The Story of an Hour

In: English and Literature

Submitted By okudlata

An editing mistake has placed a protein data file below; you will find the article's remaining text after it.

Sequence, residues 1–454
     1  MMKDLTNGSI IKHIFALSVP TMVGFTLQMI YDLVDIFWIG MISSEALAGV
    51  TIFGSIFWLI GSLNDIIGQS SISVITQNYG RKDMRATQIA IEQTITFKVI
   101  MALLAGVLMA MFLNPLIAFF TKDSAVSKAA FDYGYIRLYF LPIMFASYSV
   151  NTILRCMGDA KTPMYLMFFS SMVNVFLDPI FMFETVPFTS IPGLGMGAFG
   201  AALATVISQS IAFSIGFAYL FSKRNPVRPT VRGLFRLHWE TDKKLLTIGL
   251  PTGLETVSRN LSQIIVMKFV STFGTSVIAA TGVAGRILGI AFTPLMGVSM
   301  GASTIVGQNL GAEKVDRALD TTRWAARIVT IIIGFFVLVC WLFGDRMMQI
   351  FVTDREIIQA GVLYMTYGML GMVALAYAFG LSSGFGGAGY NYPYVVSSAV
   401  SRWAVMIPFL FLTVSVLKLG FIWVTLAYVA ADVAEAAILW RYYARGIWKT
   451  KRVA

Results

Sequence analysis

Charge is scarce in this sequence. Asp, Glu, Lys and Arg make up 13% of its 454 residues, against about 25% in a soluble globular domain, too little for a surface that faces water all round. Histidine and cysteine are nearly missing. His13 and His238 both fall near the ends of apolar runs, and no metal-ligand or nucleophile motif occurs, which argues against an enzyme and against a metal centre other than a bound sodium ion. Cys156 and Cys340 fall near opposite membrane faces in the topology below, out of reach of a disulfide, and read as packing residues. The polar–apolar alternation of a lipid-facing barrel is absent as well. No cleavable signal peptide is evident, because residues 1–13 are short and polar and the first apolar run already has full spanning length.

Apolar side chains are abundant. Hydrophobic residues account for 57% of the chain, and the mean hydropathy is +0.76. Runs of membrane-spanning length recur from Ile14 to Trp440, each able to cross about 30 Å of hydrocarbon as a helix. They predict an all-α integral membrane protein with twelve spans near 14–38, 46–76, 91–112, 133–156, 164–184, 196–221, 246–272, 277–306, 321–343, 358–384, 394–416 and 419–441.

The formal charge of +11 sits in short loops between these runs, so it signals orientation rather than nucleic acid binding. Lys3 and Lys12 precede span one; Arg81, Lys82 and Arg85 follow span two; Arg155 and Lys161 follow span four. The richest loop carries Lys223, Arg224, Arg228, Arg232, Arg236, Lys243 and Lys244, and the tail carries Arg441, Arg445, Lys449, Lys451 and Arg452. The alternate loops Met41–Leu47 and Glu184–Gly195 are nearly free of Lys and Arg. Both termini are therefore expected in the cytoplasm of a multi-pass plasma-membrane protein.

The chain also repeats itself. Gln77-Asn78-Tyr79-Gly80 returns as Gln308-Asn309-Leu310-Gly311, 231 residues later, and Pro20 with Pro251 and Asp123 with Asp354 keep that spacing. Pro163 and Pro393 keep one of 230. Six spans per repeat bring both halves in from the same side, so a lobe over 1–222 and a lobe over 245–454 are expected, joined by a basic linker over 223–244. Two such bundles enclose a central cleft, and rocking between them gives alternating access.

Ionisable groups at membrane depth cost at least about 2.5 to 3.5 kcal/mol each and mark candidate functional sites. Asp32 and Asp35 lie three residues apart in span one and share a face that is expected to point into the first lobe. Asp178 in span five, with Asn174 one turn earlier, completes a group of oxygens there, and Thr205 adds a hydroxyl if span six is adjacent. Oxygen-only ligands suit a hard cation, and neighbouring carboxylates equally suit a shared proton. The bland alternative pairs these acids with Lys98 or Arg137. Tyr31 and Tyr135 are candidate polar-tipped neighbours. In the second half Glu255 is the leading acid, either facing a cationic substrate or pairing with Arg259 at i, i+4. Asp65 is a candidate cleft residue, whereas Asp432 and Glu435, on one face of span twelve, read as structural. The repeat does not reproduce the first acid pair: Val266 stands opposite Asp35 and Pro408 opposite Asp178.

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Can a person die of happiness? That’s what seems to happen in Chopin’s “The Story of an Hour”. Mrs. Mallard received the horrible news of her husband’s passing due to a train accident. However, as we read further into the story we realized that Mrs. Mallard is not that upset with her newfound freedom. But the narrative comes to a climax when Mrs. Mallard dies upon discovering that her husband is actually alive. Doctors pronounce the cause of death - “joy that kills”. It is debatable if someone could die from hearing good news. Mrs. Mallard believed that her husband died and she finally could be free to live her life, but was rudely awakened by seeing him alive. Her imaginative freedom was taken away from her and that’s what her heart couldn’t take. It was not the joy that killed Mrs. Mallard but rather discovering that her husband is alive and her freedom would be lost again, thus causing her death. The story takes place at a time when women were exploited, considered inferior to men. Women belonged at home, as an aide to her husband. Divorces were unheard of and flown upon. The opposite of society norm, Mrs. Mallard no longer wants to be tied down to her husband and marriage and we see it directly from the context of the story. Mrs. Mallard knows her place in society and would she suppose to do. Hearing the news at first, “she wept at once,” which is what we would expect a widow to do. But in her room, “there was something coming to her,” she whispers “"Free, free, free!" Louise is conflicted between her duty as a wife and her true feelings. As she absorbs the news she rationalizes that no one has a right “to impose a private will upon a fellow-creature”. She comes to conclusion she deserves to be free from social restraints of her marriage and she welcomes the change. Louise Mallard is looking forward to her future years, “that would belong to her absolutely.” She…...

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